FLIR Systems, Inc. announced it has won a contract worth up to $8.0 million from the United States Defense Threat Reduction Agency’s Joint Science and Technology Office (DTRA JSTO) to rapidly develop next-generation chemical detection solutions based on ion mobility spectrometry (IMS) and mass spectrometry (MS) technology.
FLIR will team with Purdue University to advance their cutting-edge research in ion mobility design and two-dimensional mass spectrometry (2D MS/MS) into a modular, flexible platform system for chemical detection. The platform will be fielded as a lightweight, person-portable sensor for downrange chemical screening, as a sensor payload for unmanned platforms, and as an embedded real-time monitor for chemical releases. The program’s goal is to provide warfighters with smaller, faster, more interconnected chemical detection and identification tools for use in a wide range of scenarios.
“We’re proud to have the opportunity to lead this effort to develop and deliver innovative point-sensing technology for use on the frontlines,” said Dr. David Cullin, vice president in the Sensors business at FLIR. “Speedy and accurate chemical classification is paramount to countering these dangerous threats. We’re excited to work with Purdue University on a system that will provide our Soldiers, Sailors, Airmen, and Marines with life-saving solutions.”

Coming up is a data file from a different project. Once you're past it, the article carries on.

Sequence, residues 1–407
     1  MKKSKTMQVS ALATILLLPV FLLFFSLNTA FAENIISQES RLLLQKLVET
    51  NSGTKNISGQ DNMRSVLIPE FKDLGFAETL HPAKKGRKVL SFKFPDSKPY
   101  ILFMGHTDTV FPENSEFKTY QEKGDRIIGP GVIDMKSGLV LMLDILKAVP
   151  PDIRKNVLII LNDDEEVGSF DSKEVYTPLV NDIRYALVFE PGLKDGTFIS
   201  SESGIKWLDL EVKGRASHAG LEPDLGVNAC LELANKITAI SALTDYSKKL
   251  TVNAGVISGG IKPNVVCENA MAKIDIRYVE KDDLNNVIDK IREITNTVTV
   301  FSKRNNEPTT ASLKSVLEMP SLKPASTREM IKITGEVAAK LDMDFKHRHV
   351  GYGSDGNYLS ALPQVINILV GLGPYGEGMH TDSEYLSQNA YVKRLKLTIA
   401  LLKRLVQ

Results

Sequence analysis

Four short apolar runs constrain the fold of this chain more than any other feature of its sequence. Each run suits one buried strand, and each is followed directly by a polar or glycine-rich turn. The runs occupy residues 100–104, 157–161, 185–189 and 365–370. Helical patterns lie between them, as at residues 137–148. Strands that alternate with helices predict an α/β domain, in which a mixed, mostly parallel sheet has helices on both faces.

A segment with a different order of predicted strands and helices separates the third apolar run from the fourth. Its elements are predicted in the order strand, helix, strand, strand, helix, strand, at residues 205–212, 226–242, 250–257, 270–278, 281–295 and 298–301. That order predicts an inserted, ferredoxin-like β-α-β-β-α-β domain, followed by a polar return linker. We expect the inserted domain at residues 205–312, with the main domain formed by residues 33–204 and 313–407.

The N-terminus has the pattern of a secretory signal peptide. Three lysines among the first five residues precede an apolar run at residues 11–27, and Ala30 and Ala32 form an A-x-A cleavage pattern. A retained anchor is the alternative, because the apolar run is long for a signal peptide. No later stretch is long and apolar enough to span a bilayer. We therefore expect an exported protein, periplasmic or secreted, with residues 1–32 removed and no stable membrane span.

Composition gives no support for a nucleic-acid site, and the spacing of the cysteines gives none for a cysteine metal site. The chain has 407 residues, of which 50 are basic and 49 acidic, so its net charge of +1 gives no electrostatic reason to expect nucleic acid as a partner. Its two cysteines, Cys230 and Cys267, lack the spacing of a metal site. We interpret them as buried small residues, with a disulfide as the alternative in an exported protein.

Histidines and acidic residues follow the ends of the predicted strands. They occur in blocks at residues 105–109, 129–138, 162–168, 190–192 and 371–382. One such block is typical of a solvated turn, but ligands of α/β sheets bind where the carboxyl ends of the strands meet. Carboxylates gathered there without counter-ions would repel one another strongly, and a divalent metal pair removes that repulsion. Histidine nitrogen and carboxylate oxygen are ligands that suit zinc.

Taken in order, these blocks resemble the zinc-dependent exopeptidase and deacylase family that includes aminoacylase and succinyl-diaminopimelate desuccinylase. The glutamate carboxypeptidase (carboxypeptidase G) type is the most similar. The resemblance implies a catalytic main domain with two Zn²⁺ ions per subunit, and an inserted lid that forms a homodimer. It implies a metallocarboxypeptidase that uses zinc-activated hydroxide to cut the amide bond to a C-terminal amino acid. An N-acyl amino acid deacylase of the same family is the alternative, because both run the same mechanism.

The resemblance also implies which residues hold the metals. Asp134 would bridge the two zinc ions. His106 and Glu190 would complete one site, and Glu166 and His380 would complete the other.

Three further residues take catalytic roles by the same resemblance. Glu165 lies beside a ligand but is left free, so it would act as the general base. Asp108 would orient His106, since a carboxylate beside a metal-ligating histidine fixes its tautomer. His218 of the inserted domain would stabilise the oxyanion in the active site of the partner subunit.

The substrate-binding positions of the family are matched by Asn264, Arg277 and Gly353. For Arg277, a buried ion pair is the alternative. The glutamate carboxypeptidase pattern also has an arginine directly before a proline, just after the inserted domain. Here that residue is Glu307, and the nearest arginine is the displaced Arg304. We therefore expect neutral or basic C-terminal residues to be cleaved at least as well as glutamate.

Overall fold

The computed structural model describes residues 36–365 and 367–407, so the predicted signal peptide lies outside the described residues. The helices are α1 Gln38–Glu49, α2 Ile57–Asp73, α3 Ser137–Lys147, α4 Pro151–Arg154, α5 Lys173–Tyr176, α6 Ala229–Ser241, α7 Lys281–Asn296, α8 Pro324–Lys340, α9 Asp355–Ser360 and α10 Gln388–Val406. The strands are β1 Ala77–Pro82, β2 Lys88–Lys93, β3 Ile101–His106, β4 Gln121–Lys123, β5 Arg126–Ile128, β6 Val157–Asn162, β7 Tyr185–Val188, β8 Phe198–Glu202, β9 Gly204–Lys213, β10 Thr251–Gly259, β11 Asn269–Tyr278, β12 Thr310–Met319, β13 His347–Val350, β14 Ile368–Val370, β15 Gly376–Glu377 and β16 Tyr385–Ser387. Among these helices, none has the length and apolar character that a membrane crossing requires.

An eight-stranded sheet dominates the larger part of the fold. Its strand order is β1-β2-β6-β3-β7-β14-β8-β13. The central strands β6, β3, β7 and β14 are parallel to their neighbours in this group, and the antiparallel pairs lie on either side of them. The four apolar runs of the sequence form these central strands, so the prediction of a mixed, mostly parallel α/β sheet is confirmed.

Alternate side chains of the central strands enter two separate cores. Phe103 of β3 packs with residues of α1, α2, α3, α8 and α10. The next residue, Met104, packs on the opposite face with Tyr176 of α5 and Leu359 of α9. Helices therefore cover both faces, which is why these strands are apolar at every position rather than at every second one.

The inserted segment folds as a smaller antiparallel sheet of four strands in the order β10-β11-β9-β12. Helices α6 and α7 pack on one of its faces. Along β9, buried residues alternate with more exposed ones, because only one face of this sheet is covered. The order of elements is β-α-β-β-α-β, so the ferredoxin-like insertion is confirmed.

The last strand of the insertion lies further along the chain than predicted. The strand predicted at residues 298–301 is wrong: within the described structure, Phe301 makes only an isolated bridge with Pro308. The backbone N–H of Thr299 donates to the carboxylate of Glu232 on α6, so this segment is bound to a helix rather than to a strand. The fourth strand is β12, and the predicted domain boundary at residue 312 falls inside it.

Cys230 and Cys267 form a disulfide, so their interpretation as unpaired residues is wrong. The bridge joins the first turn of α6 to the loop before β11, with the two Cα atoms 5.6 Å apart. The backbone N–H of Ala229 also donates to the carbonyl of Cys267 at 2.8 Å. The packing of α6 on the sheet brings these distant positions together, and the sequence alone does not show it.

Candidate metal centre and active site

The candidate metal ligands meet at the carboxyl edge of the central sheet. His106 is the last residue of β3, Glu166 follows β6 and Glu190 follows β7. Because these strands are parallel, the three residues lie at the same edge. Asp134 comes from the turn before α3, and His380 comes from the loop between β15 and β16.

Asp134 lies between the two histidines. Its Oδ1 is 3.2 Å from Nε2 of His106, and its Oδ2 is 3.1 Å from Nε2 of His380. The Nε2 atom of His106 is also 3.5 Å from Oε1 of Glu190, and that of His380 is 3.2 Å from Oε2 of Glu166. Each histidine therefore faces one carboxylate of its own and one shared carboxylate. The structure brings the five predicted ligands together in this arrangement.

The IMS/MS project will leverage recent innovations from FLIR and Purdue to further develop compact hardware with novel MS scanning techniques that allow far more chemical identification data to be collected from a single sample analysis. The work also has the potential to change the paradigm of fielded chemical detection by removing the need for pre-recorded data libraries of known threats. Advanced algorithms will enable variants of threats that have not been seen before to be rapidly classified and identified. The complete system also will include modular front-ends to facilitate wider sampling analysis, as well as multiple options for communication protocols, power inputs, and other links to support a broad range of detection missions.
The three-year effort, consisting of a one-year base period followed by two one-year options, will result in a mature integrated IMS/MS prototype ready for transition to an acquisition Program of Record. Work will be performed at Purdue University and at FLIR facilities in West Lafayette, Indiana.